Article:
If you decide you’re playing enough to use Twitter’s new feature to send money to strangers on the Internet, do your best not to accidentally send them your home address.
To explain, you may have heard something about Tip Jar, which the company released on Thursday, foreshadowing it as a way “For people to send and receive advice.” The new feature, which is available through the Android and iOS mobile app, allows users to send money to other accounts using various third parties. The job is very easy: By clicking on the dollar bill icon next to a person’s username, you will be presented with a list of options on how to donate: Venmo, Cash App, Bandcamp, Patreon, PayPal, etc. Selecting a payment option redirects you to the platform of the selected third party to allow the transaction. You want to hurry to do this as a way to … uh, reward good tweets? Yes, the meaning of the whole business is not entirely clear, but do people really need a reason to throw more money on the internet? Apparently Twitter is trying to become a bigger platform for creators and this will help.
However, Twit-Tips is currently undergoing a trial run, with a number of creators, journalists and non-profit organizations acting as guinea pigs to whom Twitter users can send money, although the claim that the feature will soon be available a wider version is currently only available to people who use Twitter in English.
As is usually the case with new things, consumers were quick to point out some things that weren’t entirely hoarse. Rachel Tobacco, a security specialist, was playing with the app when she noticed what initially seemed like a clear security risk. Tobacco found this if you used PayPal specifically to tip someone, you’ll also send him a very intimate detail: your home address. This does not seem to be a problem for any of the other payment applications set up via Tip Jar.
In a tweet shared by Tobac, an image of a PayPal donation receipt clearly shows the sender’s address.
“That’s exactly what I was interested in testing when Twitter announced Tip Jar. PayPal needs to become crystal clear about what data is given to recipients of money and stop sharing that data, and Twitter needs to educate users who are not aware of what recipients of information they receive when they use PayPal, ”Tobac posted on Twitter.
Kaiwon Bakepur, product manager on Twitter, was quick to respond to comments: “It’s a good catch, thank you. we cannot control the disclosure of the address by Paypal, but we will add a warning to people who give advice through Paypal to be aware of this. “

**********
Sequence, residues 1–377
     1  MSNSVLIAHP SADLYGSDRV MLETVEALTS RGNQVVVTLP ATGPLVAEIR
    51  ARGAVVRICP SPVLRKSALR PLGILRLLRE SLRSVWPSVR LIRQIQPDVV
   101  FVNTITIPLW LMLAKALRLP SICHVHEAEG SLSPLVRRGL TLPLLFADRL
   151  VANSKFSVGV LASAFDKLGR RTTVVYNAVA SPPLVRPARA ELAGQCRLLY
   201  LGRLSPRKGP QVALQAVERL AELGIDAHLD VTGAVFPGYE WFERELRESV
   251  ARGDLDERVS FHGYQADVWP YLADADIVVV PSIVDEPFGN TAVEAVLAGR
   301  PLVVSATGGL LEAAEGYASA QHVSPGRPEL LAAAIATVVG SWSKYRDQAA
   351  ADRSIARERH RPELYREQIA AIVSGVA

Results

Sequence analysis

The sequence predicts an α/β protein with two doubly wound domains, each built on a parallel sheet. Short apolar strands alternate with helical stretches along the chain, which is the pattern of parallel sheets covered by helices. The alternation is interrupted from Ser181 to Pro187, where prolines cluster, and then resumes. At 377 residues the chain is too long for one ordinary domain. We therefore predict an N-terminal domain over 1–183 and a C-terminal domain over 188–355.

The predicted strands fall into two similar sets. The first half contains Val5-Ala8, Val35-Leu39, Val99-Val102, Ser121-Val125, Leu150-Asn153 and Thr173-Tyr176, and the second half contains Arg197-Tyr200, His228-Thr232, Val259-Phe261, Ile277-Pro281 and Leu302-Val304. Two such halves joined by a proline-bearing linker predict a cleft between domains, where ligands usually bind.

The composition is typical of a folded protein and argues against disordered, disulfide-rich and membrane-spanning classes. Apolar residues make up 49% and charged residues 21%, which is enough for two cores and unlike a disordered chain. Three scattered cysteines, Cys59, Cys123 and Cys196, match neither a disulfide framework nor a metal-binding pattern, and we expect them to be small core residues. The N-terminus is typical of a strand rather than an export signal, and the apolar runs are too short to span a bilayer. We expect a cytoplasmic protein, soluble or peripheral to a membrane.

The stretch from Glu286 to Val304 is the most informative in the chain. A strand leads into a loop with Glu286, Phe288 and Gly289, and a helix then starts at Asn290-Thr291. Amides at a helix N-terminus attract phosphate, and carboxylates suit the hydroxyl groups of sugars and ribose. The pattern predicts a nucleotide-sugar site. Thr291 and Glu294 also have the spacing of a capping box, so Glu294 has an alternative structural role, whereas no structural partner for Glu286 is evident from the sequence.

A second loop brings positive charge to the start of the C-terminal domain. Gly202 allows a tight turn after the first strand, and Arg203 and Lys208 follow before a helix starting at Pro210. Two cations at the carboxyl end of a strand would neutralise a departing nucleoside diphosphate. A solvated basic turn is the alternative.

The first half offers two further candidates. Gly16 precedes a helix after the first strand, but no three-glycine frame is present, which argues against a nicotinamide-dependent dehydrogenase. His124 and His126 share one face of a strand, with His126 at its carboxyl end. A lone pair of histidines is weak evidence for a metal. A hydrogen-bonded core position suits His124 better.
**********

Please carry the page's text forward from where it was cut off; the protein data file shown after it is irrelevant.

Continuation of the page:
However, it turns out that this is not a strange mistake, it’s just a feature of how payments work with PayPal. In particular, there are two different modes through which payments can be made and received on PayPal accounts – one of which requires the disclosure of your address, as it is fixed to “Goods and Services”, ie. delivery. So, we can assume Tobac uses this mode to send a tip. This is certainly something that customers should be aware of, said Tom Hunter, senior manager of global communications with PayPal, in an email. Hunter said.
When using PayPal to send and receive money, there are two options that the customer can choose before processing the payment for how to send that money. “Goods and Services” is used to purchase or pay for an item or service from someone and will automatically share the customer’s address with the recipient for the delivery of those goods and services. Customers can switch within the payment flow to select “Friends and Family” who does not share the address with the recipient. This is the standard functionality of the PayPal application and we will work closely with Twitter to ensure user awareness.
While this is not an obvious security risk, it is certainly good for consumers to know. Sending your address on the Internet, whether intentionally or unintentionally, is usually hated, but seems pretty easy to avoid if you have a good understanding of PayPal’s functionality. Of course, if you’re willing to send someone you don’t really know a lot of money to, maybe you’re willing to tell them where you live? I do not know.
When reached by email, a Twitter spokesman reiterated that they have no control over how PayPal works or whether users know how to use third-party accounts, but said they would try to tell users:
Tip Jar tea is performed in the selected payment services application or website and as a result relies on the functionality of the third party service. When you tip Tip Jar, people are notified that they go to a separate app or website to send their tip, and that the tip on this third-party platform is subject to the terms of the platform. We update the notification in the application and Help Center article to make it clearer that other platforms, according to their terms, can share information about people sending advice to each other.
Properly marked. In the end, it’s probably a good thing that this whole little episode happened, because it highlights some potential privacy issues when it comes to the new feature – something Twitter probably tested in the first place. The slow spread allows companies to discover such things. Twitter it is said in his message that he “is always looking for feedback and ways to improve updates like Tip Jar – let us know what you think.” There seem to be some.